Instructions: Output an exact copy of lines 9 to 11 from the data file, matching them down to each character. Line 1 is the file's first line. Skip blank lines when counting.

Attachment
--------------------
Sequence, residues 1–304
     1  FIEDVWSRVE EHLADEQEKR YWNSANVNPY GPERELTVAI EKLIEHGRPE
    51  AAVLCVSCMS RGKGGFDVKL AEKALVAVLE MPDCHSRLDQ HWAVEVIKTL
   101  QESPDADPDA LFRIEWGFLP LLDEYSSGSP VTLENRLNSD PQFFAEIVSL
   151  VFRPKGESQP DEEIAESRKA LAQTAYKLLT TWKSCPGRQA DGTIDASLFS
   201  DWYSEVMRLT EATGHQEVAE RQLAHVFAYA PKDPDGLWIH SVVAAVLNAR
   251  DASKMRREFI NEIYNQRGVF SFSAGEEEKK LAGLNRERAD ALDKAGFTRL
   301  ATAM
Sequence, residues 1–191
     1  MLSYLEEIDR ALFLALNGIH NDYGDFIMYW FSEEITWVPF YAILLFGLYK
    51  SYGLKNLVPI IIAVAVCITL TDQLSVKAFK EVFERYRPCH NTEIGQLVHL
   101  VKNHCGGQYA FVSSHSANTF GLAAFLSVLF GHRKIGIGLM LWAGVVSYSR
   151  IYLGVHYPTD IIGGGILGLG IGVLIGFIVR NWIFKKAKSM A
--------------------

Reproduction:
Sequence, residues 1–191
     1  MLSYLEEIDR ALFLALNGIH NDYGDFIMYW FSEEITWVPF YAILLFGLYK
    51  SYGLKNLVPI IIAVAVCITL TDQLSVKAFK EVFERYRPCH NTEIGQLVHL